Linux News Today: systemd 227 Is a Major Release That Adds a Lot of Awesome New Features

On October 7, Lennart Poettering had the great pleasure of announcing the release and immediate availability for download of the systemd 227 init system for GNU/Linux operating systems.

According to the release notes, systemd 227 is a major release that adds a great number of new features, implements many under-the-hood improvements, and fixes most of those annoying bugs reported by users since the previous version of the software, systemd 226.

Prominent features of systemd 227 include support for util-linux 2.27, support for the “pids” cgroup controller, support for the “net_cls” cgroup controller, increase of all in-tree service files to 3 minutes for Watchdog timeouts, offline support for “systemctl is-system-running,” and support for USB FunctionFS activation.

Moreover, the “machine-id-commit” functionality was merged into “machine-id-setup –commit,” a new “set-log-target” verb was added to the systemd-analyze tool, the “systemctl exit” command supports extra parameters, new API calls were added to sd-bus, support for vacuuming old journal files was added to the journal daemon, and systemd-networkd received multiple new features.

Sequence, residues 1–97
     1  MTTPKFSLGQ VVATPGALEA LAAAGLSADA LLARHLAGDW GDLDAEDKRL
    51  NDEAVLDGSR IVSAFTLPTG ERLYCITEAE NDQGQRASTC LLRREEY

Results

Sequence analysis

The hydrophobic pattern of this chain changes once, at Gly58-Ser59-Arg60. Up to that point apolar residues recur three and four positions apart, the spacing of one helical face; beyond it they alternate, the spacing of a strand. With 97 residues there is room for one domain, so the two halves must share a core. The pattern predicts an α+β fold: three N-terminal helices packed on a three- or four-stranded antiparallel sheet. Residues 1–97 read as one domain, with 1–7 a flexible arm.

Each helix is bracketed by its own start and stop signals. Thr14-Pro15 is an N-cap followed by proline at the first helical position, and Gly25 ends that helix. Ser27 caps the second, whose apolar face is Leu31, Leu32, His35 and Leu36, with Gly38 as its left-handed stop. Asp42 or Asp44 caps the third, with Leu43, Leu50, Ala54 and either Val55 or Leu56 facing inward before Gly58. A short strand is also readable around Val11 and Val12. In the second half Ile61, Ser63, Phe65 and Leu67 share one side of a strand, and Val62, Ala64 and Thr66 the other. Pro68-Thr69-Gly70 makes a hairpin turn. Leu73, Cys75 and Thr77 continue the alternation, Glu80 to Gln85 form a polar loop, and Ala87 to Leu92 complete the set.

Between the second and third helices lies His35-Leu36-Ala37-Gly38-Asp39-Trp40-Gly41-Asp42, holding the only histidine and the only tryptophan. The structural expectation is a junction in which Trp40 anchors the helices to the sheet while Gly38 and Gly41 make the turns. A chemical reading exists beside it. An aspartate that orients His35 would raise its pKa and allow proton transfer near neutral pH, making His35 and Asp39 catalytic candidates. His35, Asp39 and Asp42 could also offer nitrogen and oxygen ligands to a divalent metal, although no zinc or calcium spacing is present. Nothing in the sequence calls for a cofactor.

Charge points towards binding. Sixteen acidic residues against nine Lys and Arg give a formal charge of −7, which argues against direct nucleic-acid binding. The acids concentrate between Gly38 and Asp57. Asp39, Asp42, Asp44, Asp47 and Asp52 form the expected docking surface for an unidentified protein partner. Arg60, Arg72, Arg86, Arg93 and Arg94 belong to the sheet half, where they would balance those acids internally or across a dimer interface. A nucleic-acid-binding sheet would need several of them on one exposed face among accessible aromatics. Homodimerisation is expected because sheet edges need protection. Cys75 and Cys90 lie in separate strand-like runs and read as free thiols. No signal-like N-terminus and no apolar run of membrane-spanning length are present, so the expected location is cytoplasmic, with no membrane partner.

“We just tagged a new release. Lots of new awesomeness, and many bugfixes,” says Lennart Poettering, a senior software engineer at Red Hat and the creator of the systemd init system in the release announcement of the software.

A recommended update for all GNU/Linux users

systemd 227 is a recommended update for all users of GNU/Linux operating systems that use the systemd init system by default. Therefore, we strongly advise you to update to systemd 227 as soon as it hits the default software repositories of your distribution.

Advanced users who want to grab the source code and compile systemd by hand while enabling various useful functionality or disabling other features can download systemd 227 right now from Softpedia. More details about this release can be found in the changelog attached below.

Via Softpedia